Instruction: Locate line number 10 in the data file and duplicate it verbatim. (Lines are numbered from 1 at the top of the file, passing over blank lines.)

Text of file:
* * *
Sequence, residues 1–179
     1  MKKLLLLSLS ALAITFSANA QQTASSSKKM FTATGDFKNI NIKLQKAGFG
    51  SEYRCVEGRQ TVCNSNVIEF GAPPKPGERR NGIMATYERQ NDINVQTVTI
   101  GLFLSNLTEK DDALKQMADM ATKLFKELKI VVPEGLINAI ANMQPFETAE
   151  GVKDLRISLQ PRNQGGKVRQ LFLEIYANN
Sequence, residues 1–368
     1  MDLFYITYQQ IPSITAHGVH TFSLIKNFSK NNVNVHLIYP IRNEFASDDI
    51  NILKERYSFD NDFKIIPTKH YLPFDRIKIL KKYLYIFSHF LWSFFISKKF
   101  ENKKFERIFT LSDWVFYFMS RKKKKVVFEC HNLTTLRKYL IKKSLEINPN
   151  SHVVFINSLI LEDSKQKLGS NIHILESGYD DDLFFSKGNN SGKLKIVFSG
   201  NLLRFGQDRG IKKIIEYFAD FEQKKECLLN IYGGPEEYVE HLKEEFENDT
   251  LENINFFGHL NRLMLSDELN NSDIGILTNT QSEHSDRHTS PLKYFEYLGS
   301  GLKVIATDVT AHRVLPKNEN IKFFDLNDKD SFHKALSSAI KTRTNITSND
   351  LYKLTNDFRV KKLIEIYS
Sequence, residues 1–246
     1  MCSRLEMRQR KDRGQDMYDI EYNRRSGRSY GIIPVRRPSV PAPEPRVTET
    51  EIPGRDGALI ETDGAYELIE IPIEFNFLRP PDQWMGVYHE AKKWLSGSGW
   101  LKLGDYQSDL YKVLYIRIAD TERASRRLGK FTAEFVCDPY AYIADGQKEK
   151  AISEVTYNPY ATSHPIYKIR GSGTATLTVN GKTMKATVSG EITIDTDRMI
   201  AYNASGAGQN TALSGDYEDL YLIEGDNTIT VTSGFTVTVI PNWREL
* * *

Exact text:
   151  SHVVFINSLI LEDSKQKLGS NIHILESGYD DDLFFSKGNN SGKLKIVFSG